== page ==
Apple sued a startup over allegedly using trade secrets to create a rival chip line. Late last week, the company filed a lawsuit in California.
It is named after the Santa Clara-based Rivos and two former Apple employees, Ricky Wen and Bhasi Kaithamana.
The company claims it organized a coordinated campaign to recruit Apple employees and encourage them to copy confidential documents before they leave, in violation of their Apple contract.
This case pits one of the largest tech companies against another, and Apple claims it has an unfair advantage because it poached dozens of its employees in order to gain access to its internal files.
Rivos was established in May 2021. It has been operating in stealth mode for several months, employing employees from many major tech companies. Apple claims that this included 40 engineers who were well-versed in Apple's system on a chip (SoC) designs.
Rivos is accused of encouraging employees to take troves of work-related documents with them before they leave, in addition to having a general knowledge of SoCs such as the M1 or A15.
It claims that Rivos launched a coordinated campaign targeting Apple employees, giving them access to trade secrets and proprietary information about Apple's SoC design. This was in an attempt to gain an unfair advantage. Rivos did not respond to a request for comment.
Both Kaithamana (the individual employees in the suit) were Apple engineers. Kaithamana worked for the company for almost eight years, and Wen for just over 14. Both were bound by an intellectual property agreement (or IPA), which prohibited them from sharing proprietary information.
According to the complaint, Kaithamana copied several spreadsheets, presentations, and text files to an external USB drive with the name "APPLE_WORK_DOCS" before departing in August 2021. Wen then allegedly made a copy from his company's hard drive before departing.
The suit states that Apple is left with no other options due to the "horrible amount of information" and the sensitive nature of the information. Apple seeks monetary damages as well as an order requiring Rivos to return any proprietary data.
In recent years, tech companies have made intense efforts to punish insider trading. The 2016 Defend Trade Secrets Act (DTSA) was passed by Congress to address the issue. Many cases were moved from state courts to federal courts.
Anthony Levandowski (ex-Google and Waymo executive) was sentenced to 18 months imprisonment for leaking proprietary secrets to a new startup, which was later sold by Uber. Uber was represented by Morrison & Foerster, the current law firm.
Sharon Sandeen, the Mitchell Hamline School of Law’s Intellectual Property Institute director, believes that the Apple case would have been handled in a similar fashion without or with the DTSA. Sandeen was a critic before the passage of the law, pointing out provisions that would make it easier to seize companies' assets.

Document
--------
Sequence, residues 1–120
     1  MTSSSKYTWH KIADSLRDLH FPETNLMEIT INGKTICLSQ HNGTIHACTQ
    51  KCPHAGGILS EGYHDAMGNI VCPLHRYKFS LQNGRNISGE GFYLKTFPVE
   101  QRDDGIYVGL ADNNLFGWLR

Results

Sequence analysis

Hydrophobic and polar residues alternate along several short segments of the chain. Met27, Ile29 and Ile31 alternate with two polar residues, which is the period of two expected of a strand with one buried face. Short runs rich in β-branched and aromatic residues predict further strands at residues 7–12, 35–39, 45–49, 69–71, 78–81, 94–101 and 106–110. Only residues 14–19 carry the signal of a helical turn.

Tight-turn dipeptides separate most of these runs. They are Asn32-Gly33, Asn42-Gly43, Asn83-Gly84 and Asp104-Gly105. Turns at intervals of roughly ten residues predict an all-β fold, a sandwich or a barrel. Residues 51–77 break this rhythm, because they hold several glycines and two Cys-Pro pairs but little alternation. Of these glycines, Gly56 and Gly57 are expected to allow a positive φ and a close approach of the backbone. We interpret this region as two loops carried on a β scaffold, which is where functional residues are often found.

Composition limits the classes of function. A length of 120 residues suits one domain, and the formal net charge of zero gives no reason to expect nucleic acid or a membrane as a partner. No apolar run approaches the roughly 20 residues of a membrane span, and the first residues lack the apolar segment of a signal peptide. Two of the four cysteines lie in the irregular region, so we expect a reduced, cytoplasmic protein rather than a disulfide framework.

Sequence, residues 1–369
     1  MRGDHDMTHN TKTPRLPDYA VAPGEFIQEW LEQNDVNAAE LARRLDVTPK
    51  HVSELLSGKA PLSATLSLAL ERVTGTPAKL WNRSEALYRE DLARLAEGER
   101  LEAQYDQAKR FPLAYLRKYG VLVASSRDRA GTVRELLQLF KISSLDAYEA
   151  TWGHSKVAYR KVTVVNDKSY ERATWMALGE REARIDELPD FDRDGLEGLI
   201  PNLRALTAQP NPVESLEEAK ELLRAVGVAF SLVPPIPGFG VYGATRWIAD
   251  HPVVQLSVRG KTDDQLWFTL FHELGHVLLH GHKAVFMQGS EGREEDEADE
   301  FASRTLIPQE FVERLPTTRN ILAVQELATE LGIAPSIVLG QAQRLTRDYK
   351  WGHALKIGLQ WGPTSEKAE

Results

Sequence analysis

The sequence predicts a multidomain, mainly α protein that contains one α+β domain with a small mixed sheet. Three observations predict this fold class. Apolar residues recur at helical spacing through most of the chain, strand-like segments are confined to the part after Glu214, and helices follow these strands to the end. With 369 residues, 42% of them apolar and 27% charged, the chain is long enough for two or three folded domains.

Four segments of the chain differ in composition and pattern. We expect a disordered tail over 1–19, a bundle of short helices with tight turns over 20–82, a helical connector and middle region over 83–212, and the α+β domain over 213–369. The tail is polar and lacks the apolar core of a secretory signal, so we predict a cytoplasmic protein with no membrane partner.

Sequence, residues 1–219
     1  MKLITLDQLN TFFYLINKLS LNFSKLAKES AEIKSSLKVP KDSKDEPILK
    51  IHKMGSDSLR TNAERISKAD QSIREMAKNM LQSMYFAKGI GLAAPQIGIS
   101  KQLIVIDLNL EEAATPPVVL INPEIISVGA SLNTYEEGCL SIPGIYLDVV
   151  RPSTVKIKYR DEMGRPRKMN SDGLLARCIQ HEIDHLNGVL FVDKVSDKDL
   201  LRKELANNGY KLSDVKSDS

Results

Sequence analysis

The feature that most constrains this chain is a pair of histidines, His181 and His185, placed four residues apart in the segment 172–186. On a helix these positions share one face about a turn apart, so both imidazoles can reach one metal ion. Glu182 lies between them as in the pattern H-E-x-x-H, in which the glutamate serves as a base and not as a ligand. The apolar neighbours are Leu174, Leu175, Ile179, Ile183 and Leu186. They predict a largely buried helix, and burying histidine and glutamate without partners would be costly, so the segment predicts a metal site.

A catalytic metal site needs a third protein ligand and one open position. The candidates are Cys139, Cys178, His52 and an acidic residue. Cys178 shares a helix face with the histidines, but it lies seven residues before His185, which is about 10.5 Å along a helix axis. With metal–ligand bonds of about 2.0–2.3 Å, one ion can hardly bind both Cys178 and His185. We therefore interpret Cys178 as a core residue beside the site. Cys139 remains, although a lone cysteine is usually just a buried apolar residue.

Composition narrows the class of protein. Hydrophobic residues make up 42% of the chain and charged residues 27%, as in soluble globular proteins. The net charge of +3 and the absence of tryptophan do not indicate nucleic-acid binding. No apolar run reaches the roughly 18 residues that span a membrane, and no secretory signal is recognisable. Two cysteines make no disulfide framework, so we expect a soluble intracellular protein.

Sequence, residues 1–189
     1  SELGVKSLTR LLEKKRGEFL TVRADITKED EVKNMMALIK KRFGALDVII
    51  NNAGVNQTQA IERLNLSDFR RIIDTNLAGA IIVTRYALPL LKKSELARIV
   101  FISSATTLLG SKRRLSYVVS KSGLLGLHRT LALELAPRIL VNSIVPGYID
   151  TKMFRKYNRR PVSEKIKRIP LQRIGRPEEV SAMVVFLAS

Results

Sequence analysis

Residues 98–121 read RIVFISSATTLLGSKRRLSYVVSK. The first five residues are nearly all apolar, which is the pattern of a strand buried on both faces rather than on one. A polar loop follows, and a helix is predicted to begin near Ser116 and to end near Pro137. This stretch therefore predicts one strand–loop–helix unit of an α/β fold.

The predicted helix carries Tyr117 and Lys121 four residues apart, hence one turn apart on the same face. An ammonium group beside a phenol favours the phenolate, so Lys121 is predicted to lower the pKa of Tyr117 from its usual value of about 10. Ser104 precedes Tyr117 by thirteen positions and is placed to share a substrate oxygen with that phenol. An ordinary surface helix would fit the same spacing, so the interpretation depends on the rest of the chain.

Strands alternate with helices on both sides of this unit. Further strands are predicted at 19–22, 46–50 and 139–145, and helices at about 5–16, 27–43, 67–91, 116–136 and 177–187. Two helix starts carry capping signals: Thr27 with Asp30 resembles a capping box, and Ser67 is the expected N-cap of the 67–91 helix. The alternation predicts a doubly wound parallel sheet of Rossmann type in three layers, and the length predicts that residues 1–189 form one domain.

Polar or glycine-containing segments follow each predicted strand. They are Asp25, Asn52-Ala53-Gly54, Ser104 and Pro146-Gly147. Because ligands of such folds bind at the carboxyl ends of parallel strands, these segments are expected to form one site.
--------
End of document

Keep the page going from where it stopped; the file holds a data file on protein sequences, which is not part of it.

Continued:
This rule, she claims, was softened by the DTSA's final edition and is rarely used.
Sandeen says that there have been few cases in which a civil seizure remedy has been applied. And those that have been haven't always been very successful.
Sandeen says that federal courts can be more strict in their legal interpretations than state courts, which leads to trade secret cases is greatly narrowed.
Sometimes trade secret cases involve very nebulous claims. For example, a now-settled suit alleges that Meta CEO Mark Zuckerberg stole the Facebook idea from Cameron and Tyler Winklevoss. Apple can refer to large-scale document copying and apparent attempts to erase the evidence after the fact. However, trade secret theft is not necessarily theft of company documents.
It may be a violation of employees' contracts. Apple must prove that the information was kept secret, that it has economic value, and that Apple took reasonable steps to prevent it from being made public.
This could mean focusing on the claims about unreleased chips or the exact value of Apple’s Arm-based chip architecture. Apple claims it is secretive and similar to Rivos' architecture. This makes it stronger than claiming that Apple's chips are a secret. Sandeen states that they do a great job at pinpointing the trade secrets at a high level.
Sandeen is concerned that big companies such as Apple and Google may be using trade secret cases against their competitors to weaken them, waiting for a threat from a rival before filing suit.
She says that she was surprised by the time lapse between the employees' leaving and the filing of the lawsuit. Apple and other "Big Tech" companies have been subject to increased antitrust scrutiny in the last few years, although disputes involving Apple's app ecosystem have not involved its hardware components.
Apple claims that it had previously written to Rivos about its theft and was never contacted again. It claims that Apple may lose its trade secret status if it does not protect its most sensitive secrets immediately. This outcome is unacceptable.